The red text highlights the reasoning behind the Act.  The US is now at the point where oil needs to be considered in the same light as nuclear power.  Conditions in America and around the world (Hello, Iraq) indictate that world peace, the general welfare, the standard of living, and free enterprise all feel Big Oil’s foot on their throat.  It’s time to act–and 18.4 cents a gallon for three months just isn’t going to get it done. 

(Hey, regulation isn’t so bad.  We could always skip it and go right to nationalization.  The 155 billion in profits these companies made last year would look pretty good in federal coffers right now.)

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John McCain’s Straight Talk Translated by The Hangover

5 Mar

Last night John McCain claimed his place as the Republican Party’s nominee for President.   His acceptance speech contained the bones of what will become his platform.  There was plenty of McCain’s vaunted “straight talk” in the address.  However, it is unwise to take any politician’s words at face value.  As yet another public service, The Hangover reveals the subtext buried in the language.

McCain:  “Presidential candidates are judged on their records, their character and the whole of their life experiences.”

Translation:  I am a veteran, a POW.  I’ve given a lot to my country.  Remember that.  But please forget my involvement with the Keating Five, where I peddled influence up to my ears.  Oh, and this current flap with  Vicki Iseman, it’s nothing.  And although I speak out against corporate lobbyists, it’s okay that I allow them to work on and for my campaign.  No future conflicts of interest could possibly come from that.  Honest.  Cross my heart.  

McCain:  “Our campaign must be, and will be more than another tired debate of false promises, empty sound-bites, or useless arguments from the past that address not a single American’s concerns for their family’s security.”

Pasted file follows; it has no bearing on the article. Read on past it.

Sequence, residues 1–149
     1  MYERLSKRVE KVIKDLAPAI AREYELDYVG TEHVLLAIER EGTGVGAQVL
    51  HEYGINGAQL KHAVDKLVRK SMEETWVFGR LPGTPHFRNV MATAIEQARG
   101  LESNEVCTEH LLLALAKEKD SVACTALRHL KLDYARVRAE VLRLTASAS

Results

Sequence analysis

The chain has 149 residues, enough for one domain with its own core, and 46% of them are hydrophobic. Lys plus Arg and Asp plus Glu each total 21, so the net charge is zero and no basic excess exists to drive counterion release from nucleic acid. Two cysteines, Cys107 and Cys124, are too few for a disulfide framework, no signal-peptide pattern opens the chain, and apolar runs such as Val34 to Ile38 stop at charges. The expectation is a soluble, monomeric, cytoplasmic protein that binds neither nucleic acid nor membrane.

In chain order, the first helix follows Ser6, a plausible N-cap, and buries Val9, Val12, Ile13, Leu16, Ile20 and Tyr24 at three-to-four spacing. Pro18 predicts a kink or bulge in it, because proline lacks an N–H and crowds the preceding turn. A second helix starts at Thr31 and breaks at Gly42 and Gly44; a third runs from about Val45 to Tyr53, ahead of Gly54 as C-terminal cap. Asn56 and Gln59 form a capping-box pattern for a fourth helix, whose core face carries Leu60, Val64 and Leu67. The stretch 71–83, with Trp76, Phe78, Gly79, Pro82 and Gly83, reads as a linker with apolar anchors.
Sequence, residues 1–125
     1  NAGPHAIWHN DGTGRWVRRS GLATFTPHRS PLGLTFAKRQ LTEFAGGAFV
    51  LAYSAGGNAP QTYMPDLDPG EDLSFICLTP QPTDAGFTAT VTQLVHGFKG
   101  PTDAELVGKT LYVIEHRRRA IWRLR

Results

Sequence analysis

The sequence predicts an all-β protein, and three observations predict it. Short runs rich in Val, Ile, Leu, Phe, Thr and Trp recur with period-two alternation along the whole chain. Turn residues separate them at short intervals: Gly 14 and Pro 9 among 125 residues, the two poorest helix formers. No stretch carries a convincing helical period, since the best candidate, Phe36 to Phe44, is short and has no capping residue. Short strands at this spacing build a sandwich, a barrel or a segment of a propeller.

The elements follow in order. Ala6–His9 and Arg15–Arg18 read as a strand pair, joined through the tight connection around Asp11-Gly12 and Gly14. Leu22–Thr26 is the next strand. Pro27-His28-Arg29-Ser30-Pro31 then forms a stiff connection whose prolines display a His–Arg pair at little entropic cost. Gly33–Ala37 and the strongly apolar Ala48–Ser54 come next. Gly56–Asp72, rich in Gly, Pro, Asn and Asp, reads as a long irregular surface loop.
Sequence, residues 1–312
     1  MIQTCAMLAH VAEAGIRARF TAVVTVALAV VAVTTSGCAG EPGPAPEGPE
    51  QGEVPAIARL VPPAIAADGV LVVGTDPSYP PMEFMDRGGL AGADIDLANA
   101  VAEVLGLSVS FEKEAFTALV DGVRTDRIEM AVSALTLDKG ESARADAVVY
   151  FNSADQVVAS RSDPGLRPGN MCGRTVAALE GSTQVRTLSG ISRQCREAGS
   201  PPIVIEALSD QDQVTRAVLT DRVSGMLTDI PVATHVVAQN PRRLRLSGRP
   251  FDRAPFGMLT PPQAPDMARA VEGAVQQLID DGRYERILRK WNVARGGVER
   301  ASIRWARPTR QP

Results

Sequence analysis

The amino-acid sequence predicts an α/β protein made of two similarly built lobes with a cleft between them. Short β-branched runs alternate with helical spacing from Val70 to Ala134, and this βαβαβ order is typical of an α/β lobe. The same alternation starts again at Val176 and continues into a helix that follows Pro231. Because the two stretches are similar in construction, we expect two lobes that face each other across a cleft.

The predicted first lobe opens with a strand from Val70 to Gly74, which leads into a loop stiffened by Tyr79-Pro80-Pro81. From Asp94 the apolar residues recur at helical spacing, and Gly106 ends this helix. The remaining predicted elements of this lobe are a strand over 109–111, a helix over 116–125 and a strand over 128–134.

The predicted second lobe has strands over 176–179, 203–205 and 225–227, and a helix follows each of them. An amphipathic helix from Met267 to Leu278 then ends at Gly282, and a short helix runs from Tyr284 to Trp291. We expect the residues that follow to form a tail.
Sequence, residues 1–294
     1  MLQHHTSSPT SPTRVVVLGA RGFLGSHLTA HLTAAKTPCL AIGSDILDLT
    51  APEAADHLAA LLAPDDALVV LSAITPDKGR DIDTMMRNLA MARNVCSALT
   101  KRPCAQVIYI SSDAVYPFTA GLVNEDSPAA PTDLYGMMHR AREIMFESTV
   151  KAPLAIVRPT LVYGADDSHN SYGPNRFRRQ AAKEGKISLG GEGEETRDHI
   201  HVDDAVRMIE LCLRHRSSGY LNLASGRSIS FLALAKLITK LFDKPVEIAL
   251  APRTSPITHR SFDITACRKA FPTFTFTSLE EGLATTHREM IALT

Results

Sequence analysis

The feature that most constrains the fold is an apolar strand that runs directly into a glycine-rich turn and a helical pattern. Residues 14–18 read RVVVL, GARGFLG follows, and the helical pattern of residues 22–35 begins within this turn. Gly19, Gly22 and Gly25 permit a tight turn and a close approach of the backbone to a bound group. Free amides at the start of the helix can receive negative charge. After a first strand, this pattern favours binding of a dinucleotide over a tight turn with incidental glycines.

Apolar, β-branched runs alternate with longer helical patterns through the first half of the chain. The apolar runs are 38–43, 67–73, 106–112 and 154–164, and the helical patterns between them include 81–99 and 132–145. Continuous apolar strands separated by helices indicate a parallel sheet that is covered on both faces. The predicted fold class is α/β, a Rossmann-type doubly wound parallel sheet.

Translation:  Obama is a wimp.   All talk, no action.  I may be seventy-two but I could take him in a bar fight.  Clinton?  Don’t make me laugh.  She’s riding her husband’s coattails for all they’re worth.   

McCain:  “It is of little use to Americans for their candidates to avoid the many complex challenges of these struggles by re-litigating decisions of the past. I will defend the decision to destroy Saddam Hussein’s regime as I criticized the failed tactics that were employed for too long to establish the conditions that will allow us to leave that country with our country’s interests secure and our honor intact.”

Translation:  I’m a little confused myself.  I guess it’s okay to re-litigate by talking about the war now that the surge I supported is working (just don’t ask me to define “working”).  But if anyone else wants to talk about how and why we got in the war, no, I don’t think that’s a good idea.  At least I think that’s what I think. 

McCain:  “The next President must lead an effort to restructure our military, our intelligence, our diplomacy and all relevant branches of government to combat Islamic extremism, encourage the vast majority of moderates to win the battle for the soul of Islam, and meet the many other rising challenges in this changing world.”

Translation:  First, I’m going to have your tax dollars sent directly to the Pentagon.  Second, now that we’re getting good at determining how other people should govern themselves, why not dictate their religions?  Yeah, that’ll work. 

McCain:  “We will campaign in favor of seizing the opportunities presented by the growth of free markets throughout the world, helping displaced workers acquire new and lasting employment and educating our children to prepare them for the new economic realities by giving parents choices about their children’s education they do not have now.”